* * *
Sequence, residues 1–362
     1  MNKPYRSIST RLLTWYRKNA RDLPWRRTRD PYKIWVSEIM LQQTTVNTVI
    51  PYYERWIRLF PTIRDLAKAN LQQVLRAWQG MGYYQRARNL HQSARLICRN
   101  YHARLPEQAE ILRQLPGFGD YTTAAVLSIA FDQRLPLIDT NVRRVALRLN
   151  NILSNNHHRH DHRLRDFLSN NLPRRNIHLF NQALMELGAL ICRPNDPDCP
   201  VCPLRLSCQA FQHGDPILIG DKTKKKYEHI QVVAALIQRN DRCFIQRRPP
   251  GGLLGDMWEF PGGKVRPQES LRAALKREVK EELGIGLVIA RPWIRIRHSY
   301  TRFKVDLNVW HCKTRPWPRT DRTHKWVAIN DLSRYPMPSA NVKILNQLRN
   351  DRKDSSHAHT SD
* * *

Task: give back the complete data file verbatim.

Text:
Sequence, residues 1–362
     1  MNKPYRSIST RLLTWYRKNA RDLPWRRTRD PYKIWVSEIM LQQTTVNTVI
    51  PYYERWIRLF PTIRDLAKAN LQQVLRAWQG MGYYQRARNL HQSARLICRN
   101  YHARLPEQAE ILRQLPGFGD YTTAAVLSIA FDQRLPLIDT NVRRVALRLN
   151  NILSNNHHRH DHRLRDFLSN NLPRRNIHLF NQALMELGAL ICRPNDPDCP
   201  VCPLRLSCQA FQHGDPILIG DKTKKKYEHI QVVAALIQRN DRCFIQRRPP
   251  GGLLGDMWEF PGGKVRPQES LRAALKREVK EELGIGLVIA RPWIRIRHSY
   301  TRFKVDLNVW HCKTRPWPRT DRTHKWVAIN DLSRYPMPSA NVKILNQLRN
   351  DRKDSSHAHT SD